The Evil May Day Riot 1517


Evil May Day Causes

By 1517, the numbers of foreigners in London had increased as foreign trade had grown. Although they only made up 2% of London’s population, it was claimed that they often bought all the food in the markets leaving the English hungry and that foreign craftsmen were taking jobs and income from Englishmen.

In reality, England was facing an economic downturn following a poor harvest and difficult Winter. Much of the hatred stemmed from a conflict of culture: the French were considered arrogant and haughty by the English, while the French felt the English had no manners. 

A London dealer named John Lincoln, believed that it was the presence of foreigners in London that was causing hardship for English traders. He approached King Henry’s Chaplain, Dr Henry Standish, and asked him to speak against the presence of so many foreigners in London during his Easter speech. When Standish refused he asked Dr Beal, the Vicar of St Mary’s in Spitafields, and he agreed to preach the sermon.

Around the middle of April Dr Beal addressed a large gathering and denounced all aliens who stole Englishmen’s livelihoods and seduced their women. He stated his belief that men should be allowed to fight the foreigners to save their country.

On 29th April the Venetian ambassador, Giustinian, sought an audience with the King. He told Henry that he had heard rumour that the people of London were to rise against foreigners on May Day. He voiced concern for his fellow countrymen in London. Henry reassured Giustinian that his compatriots would be protected. The Lord Mayor and officers of the city were told to enforce a curfew on the eve of May Day.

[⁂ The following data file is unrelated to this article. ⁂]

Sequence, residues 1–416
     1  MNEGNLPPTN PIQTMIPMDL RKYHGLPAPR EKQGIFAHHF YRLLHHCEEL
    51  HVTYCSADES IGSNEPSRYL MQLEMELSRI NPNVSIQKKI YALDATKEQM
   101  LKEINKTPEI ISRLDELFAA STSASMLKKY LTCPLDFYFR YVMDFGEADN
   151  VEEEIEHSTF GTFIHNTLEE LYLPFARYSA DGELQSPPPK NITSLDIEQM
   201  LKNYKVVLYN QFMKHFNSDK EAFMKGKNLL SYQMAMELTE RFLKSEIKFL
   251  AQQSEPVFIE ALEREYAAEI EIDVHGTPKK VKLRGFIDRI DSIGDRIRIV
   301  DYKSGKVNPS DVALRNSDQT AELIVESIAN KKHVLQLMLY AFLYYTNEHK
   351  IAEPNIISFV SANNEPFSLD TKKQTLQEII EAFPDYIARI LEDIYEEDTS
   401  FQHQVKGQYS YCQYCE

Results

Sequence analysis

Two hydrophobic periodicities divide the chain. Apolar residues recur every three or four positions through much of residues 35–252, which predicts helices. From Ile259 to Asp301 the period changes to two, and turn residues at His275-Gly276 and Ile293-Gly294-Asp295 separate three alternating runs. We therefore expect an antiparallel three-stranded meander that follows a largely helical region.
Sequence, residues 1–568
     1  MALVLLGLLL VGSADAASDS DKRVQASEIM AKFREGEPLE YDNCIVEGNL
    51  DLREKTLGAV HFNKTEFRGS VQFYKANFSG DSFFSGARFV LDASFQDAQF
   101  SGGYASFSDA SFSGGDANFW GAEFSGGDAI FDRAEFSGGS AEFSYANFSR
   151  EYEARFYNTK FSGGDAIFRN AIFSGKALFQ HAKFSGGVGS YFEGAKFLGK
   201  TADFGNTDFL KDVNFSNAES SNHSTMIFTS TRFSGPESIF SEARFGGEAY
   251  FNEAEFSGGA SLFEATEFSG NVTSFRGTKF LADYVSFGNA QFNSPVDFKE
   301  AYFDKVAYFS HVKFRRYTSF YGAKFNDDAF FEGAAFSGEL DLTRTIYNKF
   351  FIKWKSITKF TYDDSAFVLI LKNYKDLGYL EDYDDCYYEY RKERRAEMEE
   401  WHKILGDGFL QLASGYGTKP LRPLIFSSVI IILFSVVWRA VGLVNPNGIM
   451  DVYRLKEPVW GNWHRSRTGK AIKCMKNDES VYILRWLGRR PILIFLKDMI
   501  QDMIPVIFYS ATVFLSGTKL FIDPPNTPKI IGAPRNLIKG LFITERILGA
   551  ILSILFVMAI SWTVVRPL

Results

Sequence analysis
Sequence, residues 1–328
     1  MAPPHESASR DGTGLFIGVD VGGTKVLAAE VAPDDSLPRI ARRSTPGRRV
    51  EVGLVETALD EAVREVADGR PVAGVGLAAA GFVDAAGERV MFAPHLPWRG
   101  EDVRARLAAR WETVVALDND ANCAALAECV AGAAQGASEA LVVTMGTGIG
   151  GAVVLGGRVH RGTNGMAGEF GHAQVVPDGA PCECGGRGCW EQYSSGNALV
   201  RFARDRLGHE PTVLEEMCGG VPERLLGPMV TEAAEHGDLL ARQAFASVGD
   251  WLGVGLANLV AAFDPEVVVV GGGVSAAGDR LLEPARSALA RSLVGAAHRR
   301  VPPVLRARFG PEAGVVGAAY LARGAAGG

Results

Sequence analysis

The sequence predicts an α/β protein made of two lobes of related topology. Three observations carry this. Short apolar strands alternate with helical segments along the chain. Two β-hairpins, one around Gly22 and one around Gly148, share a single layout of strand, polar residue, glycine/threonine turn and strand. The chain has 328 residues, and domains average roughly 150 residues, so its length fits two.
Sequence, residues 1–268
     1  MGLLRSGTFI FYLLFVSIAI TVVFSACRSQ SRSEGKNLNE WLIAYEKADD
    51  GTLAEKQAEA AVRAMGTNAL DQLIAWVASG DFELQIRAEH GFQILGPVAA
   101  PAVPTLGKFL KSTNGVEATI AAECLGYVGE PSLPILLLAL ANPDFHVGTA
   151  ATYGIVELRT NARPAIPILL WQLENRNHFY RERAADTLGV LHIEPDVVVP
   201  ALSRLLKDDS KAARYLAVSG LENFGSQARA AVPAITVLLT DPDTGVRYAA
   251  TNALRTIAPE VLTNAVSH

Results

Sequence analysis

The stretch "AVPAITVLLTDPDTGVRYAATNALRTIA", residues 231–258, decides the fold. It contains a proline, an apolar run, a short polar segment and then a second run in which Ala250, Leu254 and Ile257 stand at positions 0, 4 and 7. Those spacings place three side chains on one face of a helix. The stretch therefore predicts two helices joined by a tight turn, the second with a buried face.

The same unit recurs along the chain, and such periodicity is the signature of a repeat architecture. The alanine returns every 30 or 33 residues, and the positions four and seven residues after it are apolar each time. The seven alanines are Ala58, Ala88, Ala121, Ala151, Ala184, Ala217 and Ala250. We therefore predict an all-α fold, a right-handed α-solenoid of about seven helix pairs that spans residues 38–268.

The following day the Mayor of London called a meeting of the aldermen of London. They met at Guildhall and discussed the steps that should be taken to prevent trouble arising on May Day.


The Events of Evil May Day

Evil May Day riots 1517
19th century illustration of the Evil May Day riot

Trouble began on the eve of the festival when some young men broke the curfew imposed by the King. John Mundy, a local alderman, attempted to arrest one of the men in Cheapside and trouble broke out. It escalated and soon there were thousands on the streets of London. Most of their anger was directed at foreigners living in London. When they reached St Martin le Grand, an area inhabited by many foreigners, they were met by Thomas More, the Under-Sheriff of London. He was beginning to have some success at persuading the rioters to go home, when some of the inhabitants of the area began throwing stones and boiling water out of their windows and onto the mob below. This inflamed the rioters who targeted their homes and many were burnt to the ground.

The rioting quickly spread and in the early hours of the morning, news of the rioting reached the King. Henry ordered his own guard onto the streets and also sent word to the Duke of Norfolk to raise an army and march on London.

By around 3 am the rioting had calmed and the arrival of Norfolk’s 2000 strong army, commanded by the Earls of Surrey and Shrewsbury, restored peace to the city.


The Trial of the Rioters

On 5th May 279 rioters, including priests, apprentices and youths, were brought before the King at Westminster Hall. They were charged with treason on the grounds that to make an attack on foreigners while England was at peace with all countries was tantamount to treason. The hall was guarded by over 1,000 soldiers to prevent further trouble from the large crowd that had gathered outside.

Catherine of Aragon appealed to her husband to show mercy and spare the lives of the rioters for the sake of their women and children. Henry agreed and they were pardoned and released.

The following day John Lincoln and others identified as leaders of the riot were tried. Lincoln and 12 others were found guilty of treason and sentenced to be executed the following day.